Ca’ Corner della Regina
4 September – 25 November 2018
Fondazione Prada presents the film program “Artists under the big Top: Perplexed 2018-1968 (with new films)” conceived by German film director and writer Alexander Kluge on 4 September 2018. The screenings will take place from 10 am to 4.30 pm on the first floor of Ca’ Corner della Regina, in the context of the exhibition “Machines à penser”, curated by Dieter Roelstraete and currently on view until 25 November 2018. Admission to screenings is free and includes the visit to the show, exceptionally open on Tuesday 4 September from 10 am to 6 pm. The event will be introduced by Alexander Kluge at 10 am.
The first part of the program (123 minutes) titled “50 years of Artists Under the Big Top: Perplexed” explores the legacy and the importance of Kluge’s film Die Artisten in der Zirkuskuppel: ratlos awarded with the Golden Lion at the Venice Film Festival in 1968. The movie is interpreted by its director as “an analysis of the 1968 protest movement. The circus as medium is a metaphor of the conflict between the philosophical interpretation of the Critical Theory (‘the Marx Brothers of Frankfurt’) and the student uprising”. In the film, the main character, Leni Peikert, inherits the family circus and tries to update the show by turning it into a “reform circus,” which consists of socially-relevant entertainment. Unfortunately, it fails to attract new audience, and her circus goes bankrupt. Her efforts are then directed towards the mass medium of television. At the end of the film she declares: “With great steps we make ourselves ridiculous, but with many small steps I can become the Secretary of State in the Ministry of Foreign Affairs”. Artists Under the Big Top: Perplexed is combined with five other short films realized by Kluge in 2018, in order to create a constellation of polyphonic perspectives on the issues addressed by the 1968 cinematographic work.
The second part (123 minutes) of the program includes two new filmic forms recently experimented by Alexander Kluge: the so-called “minute-films” and “minute-operas”. One minute-film pays homage to the Venetian venue of Fondazione Prada, Ca’ Corner della Regina and to the noblewoman Caterina Cornaro, who became queen of Cyprus in 1468. The minute-opera All Russia’s souls point their roots heavenwards creates a link between two musical compositions by Modest Petrovič Musorgskij and the historical figure of Ivan the Terrible’s guard. Two other films investigate the themes of pathos and learning, also in relation to the exhibition “Machines à penser” which explores the correlation between conditions of exile, escape and retreat and physical or mental places which favor reflection, thought and intellectual production, focusing on three major philosophers of the 20th century: Theodor W. Adorno (1903-1969), Martin Heidegger (1889-1976) and Ludwig Wittgenstein (1889-1951). The second part will be completed by Winter of love (60 minutes) which documents the contrast between intellectuals and thinkers, such as Theodor W. Adorno and Jürgen Habermas, and the student movement in Frankfurt in 1968.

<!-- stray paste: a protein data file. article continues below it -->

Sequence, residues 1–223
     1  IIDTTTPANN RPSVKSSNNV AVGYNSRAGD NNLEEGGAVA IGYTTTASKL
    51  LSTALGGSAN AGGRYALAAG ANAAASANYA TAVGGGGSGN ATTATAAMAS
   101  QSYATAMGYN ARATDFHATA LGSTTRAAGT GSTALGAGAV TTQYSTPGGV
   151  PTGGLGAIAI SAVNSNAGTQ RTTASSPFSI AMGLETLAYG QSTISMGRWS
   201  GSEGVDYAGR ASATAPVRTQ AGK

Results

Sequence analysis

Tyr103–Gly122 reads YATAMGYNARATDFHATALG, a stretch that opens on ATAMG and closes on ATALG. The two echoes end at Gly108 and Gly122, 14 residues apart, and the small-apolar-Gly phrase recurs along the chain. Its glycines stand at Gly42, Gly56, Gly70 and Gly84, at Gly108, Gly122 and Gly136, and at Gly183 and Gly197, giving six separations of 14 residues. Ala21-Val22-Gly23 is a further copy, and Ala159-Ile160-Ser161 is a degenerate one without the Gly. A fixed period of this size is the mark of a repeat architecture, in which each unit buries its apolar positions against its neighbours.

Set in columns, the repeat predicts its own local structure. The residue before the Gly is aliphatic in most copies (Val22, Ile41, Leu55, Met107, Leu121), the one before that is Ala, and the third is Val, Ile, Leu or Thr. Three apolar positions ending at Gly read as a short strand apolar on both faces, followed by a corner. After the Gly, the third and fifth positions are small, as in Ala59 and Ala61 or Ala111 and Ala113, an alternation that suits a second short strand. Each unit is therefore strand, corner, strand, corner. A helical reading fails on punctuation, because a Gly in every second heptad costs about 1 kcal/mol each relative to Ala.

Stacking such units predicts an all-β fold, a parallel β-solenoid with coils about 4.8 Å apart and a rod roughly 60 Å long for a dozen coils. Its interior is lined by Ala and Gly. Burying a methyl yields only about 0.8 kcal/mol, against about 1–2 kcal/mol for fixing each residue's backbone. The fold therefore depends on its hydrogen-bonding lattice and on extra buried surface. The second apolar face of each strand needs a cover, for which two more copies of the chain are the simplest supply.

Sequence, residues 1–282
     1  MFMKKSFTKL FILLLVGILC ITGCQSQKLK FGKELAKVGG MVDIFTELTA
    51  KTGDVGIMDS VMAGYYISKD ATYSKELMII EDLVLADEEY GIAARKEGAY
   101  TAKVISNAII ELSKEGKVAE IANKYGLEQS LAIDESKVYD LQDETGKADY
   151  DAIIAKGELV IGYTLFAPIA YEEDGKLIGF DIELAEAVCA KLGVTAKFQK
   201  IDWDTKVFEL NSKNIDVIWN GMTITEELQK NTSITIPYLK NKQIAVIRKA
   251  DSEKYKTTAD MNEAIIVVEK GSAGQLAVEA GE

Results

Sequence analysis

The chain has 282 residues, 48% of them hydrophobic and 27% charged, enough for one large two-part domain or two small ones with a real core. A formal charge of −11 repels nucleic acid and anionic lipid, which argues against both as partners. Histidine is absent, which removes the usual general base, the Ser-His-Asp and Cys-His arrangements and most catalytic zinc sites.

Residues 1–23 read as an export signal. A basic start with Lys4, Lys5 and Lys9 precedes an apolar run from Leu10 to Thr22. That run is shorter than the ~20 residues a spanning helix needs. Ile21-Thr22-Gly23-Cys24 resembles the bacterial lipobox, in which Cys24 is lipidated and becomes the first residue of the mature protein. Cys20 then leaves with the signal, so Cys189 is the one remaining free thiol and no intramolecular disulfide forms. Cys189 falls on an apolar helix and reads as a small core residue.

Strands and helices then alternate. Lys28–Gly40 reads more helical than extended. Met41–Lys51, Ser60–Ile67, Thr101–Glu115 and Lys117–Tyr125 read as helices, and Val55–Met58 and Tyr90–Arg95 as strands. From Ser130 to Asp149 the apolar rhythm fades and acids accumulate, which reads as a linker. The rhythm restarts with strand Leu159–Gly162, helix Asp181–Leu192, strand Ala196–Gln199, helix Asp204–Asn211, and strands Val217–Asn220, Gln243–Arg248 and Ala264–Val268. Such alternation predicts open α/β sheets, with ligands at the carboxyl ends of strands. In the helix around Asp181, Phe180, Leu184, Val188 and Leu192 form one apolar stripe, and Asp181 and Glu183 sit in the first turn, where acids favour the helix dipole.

Alexander Kluge’s film program will be anticipated by two events taking place in Venice in the upcoming days. Kluge will present his new film Happy Lamento, featuring Khavn De La Cruz, on 30 August and 2 September 2018 at the Giornate degli autori during the Venice Film Festival. The event “The Snows of Venice – Theory like swimming in the storm”, devoted to Kluge’s literary and cinematographic work, will be organized by Goethe-Institut Mailand in collaboration with S.a.L.E. Docks in Venice on 3 September 2018 at 11 am. On this occasion, the book The Snows of Venice by Ben Lerner and Alexander Kluge will be launched. It originates from the collaboration between Alexander Kluge, Ben Lerner, Thomas Demand and Anna Viebrock and it is one of the results of the exhibition “The Boat is Leaking. The Captain Lied.”, on view at Fondazione Prada in Venice in 2017. The publication includes 21 photos by Gerhard Richter on Venice, 4 artworks by R.H. Quaytman on “the angel of history” by Walter Benjamin, and 4 photos by Thomas Demand on “the highest level of verisimilitude”.